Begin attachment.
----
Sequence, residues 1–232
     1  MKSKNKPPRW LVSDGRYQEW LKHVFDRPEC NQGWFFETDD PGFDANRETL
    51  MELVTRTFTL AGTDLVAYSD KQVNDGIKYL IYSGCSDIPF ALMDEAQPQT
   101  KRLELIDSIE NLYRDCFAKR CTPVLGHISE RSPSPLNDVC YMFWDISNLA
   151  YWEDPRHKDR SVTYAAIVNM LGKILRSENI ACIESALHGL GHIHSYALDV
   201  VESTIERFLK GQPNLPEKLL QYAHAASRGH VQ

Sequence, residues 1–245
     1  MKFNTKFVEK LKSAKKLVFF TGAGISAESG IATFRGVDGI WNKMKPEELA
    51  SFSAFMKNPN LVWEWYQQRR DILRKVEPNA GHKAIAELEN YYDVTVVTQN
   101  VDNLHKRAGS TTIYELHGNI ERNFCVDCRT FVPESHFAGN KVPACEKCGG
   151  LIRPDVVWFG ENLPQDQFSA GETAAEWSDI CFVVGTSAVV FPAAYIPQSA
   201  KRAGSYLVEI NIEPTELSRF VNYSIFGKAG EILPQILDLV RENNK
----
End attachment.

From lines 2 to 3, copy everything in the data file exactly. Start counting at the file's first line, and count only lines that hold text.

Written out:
     1  MKSKNKPPRW LVSDGRYQEW LKHVFDRPEC NQGWFFETDD PGFDANRETL
    51  MELVTRTFTL AGTDLVAYSD KQVNDGIKYL IYSGCSDIPF ALMDEAQPQT